What is a Construction Operating Engineer salary?

The median salary for a Construction Operating Engineer is $49,770, and the average salary is $55,280. Both the median and average roughly describe the middle of the Construction Operating Engineer salary range, but the average is more easily affected by extremely high or low salaries.

Many Construction Operating Engineers earn significantly more or less than the average, due to several factors. About 10% of Construction Operating Engineers earn less than $32,980 per year, 25% earn less than $39,150, 75% earn less than $65,640, and 90% earn less than $87,220.

Between the years of 2020 and 2030, the number of Construction Operating Engineers is expected to change by 5.4%, and there should be roughly 46,000 open positions for Construction Operating Engineers every year.

Median annual salary
$49,770
Typical salary range
$32,980 - $87,220
Projected growth (2020 - 2030)
5.4%

What personality traits are common among Construction Operating Engineers?

Interests

Career interests describe a person's preferences for different types of working environments and activities. When a person's interest match the demands of an occupation, people are usually more engaged and satisfied in that role.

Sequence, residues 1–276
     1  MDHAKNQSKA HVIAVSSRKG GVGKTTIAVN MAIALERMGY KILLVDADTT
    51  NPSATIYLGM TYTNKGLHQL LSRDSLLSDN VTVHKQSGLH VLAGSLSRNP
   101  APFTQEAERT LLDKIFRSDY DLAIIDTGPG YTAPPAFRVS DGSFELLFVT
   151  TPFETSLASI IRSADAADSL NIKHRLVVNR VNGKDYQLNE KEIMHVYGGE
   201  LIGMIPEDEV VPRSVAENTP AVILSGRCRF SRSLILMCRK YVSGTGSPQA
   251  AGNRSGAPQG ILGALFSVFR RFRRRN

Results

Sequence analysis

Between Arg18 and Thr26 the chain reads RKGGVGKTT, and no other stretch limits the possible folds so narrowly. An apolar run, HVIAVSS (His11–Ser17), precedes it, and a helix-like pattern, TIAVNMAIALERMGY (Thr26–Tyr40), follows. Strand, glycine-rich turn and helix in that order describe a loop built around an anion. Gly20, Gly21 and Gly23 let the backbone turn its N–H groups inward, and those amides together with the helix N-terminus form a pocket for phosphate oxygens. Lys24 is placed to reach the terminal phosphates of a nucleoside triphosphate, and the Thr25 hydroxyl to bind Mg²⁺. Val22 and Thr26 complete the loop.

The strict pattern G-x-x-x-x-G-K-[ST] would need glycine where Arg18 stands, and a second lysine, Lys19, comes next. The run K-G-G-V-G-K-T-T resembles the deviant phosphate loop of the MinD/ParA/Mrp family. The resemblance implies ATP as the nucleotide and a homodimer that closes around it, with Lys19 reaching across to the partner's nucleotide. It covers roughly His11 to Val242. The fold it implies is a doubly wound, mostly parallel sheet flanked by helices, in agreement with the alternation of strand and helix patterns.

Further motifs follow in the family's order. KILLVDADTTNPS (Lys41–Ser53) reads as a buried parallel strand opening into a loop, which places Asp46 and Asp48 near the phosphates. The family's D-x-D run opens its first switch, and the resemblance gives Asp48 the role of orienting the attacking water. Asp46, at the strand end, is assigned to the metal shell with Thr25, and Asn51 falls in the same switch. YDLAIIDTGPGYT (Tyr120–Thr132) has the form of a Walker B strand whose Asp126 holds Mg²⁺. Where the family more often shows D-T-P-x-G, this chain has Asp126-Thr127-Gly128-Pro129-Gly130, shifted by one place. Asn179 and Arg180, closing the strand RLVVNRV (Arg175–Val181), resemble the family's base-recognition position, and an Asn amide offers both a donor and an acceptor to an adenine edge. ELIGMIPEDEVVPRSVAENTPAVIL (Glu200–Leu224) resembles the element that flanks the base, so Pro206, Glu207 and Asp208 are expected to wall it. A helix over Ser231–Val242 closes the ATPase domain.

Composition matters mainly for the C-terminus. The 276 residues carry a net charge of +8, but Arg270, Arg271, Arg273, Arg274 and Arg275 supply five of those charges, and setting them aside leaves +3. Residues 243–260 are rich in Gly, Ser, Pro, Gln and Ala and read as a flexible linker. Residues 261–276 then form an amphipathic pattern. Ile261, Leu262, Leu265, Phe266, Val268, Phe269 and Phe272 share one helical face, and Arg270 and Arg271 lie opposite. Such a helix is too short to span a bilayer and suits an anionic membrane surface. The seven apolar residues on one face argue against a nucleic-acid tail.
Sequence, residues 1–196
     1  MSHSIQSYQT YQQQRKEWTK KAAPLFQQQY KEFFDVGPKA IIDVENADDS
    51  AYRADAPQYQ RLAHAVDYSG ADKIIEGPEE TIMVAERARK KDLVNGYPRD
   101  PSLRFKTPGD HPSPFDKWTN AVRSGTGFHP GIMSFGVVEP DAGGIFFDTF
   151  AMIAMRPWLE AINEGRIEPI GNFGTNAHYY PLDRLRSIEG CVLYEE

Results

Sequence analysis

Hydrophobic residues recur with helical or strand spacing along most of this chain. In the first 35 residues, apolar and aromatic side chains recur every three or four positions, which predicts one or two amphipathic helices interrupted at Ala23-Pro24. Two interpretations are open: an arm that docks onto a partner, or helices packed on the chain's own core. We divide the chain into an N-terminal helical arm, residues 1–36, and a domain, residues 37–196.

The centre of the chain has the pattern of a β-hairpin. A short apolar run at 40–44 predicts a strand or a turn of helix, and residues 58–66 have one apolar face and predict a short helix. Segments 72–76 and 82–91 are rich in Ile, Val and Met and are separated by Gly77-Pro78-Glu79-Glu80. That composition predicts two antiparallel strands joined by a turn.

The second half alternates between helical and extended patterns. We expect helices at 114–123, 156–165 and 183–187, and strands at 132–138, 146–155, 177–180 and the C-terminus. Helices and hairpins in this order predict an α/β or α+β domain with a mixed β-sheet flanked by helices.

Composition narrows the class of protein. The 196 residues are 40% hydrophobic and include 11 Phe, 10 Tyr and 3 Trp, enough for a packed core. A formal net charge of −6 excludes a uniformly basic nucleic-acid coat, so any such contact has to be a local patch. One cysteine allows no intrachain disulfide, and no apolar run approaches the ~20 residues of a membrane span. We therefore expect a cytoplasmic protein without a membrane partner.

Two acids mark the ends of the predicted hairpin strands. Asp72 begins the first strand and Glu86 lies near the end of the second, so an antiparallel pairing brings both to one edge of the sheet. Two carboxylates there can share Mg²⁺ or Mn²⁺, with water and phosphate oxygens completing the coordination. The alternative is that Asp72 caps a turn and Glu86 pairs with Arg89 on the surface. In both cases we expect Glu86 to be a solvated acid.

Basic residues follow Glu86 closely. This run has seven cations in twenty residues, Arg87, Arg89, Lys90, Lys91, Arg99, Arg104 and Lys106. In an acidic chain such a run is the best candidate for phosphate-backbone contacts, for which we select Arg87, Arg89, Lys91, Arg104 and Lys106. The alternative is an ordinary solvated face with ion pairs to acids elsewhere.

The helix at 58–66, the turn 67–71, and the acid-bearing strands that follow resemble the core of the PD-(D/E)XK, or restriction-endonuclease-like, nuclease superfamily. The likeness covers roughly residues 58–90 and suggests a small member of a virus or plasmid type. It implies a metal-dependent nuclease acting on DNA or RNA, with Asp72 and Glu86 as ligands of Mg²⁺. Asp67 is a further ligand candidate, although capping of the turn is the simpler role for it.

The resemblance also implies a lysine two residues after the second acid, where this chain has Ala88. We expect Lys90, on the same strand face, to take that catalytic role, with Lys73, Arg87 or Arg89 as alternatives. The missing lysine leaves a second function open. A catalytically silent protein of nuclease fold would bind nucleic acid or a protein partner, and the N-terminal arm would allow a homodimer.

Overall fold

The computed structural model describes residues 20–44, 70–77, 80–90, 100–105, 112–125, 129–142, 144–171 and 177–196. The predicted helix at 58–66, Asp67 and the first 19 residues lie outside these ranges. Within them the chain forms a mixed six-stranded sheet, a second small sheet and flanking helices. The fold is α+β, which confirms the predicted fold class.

Compared to most occupations, those who work as a Construction Operating Engineer are usually higher in their Realistic and Conventional interests.

Construction Operating Engineers typically have very strong Realistic interests. Realistic occupations frequently involve work activities that include practical, hands-on problems and solutions. They often deal with plants, animals, and real-world materials like wood, tools, and machinery. Many of the occupations require working outside, and do not involve a lot of paperwork or working closely with others.

Also, Construction Operating Engineers typically have moderate Conventional interests. Conventional occupations frequently involve following set procedures and routines. These occupations can include working with data and details more than with ideas. Usually there is a clear line of authority to follow.

Values

People differ in their values, or what is most important to them for building job satisfaction and fulfillment.